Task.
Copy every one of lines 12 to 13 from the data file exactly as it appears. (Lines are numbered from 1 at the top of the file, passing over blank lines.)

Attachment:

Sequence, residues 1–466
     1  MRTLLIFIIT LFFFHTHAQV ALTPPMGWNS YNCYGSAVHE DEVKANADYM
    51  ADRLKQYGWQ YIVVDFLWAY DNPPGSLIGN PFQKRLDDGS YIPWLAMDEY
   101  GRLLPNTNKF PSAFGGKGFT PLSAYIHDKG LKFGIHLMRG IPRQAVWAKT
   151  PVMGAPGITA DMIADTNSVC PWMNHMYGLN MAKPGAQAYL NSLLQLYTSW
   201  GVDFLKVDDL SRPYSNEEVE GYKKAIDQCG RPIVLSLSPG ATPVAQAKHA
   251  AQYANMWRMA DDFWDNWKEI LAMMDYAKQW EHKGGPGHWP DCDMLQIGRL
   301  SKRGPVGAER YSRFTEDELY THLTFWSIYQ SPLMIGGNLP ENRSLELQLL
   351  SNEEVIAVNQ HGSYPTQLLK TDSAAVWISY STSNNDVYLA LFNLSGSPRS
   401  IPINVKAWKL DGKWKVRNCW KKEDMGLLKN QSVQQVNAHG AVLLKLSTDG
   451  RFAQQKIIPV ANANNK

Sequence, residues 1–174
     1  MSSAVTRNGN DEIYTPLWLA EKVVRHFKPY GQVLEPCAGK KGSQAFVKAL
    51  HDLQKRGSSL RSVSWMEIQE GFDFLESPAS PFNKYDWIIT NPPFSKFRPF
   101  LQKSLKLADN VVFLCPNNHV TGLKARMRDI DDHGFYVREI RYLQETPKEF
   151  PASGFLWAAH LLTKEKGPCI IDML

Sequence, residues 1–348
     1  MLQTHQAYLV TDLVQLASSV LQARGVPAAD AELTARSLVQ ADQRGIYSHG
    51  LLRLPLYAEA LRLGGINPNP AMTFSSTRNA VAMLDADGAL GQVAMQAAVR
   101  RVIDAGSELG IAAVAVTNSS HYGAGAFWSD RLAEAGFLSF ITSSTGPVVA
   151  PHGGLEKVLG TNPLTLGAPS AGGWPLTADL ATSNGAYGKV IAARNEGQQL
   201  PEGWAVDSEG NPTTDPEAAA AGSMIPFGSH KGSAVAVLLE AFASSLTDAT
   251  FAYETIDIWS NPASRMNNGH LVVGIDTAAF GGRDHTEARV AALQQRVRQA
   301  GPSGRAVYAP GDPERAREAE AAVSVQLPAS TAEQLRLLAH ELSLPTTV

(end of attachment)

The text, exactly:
Sequence, residues 1–174
     1  MSSAVTRNGN DEIYTPLWLA EKVVRHFKPY GQVLEPCAGK KGSQAFVKAL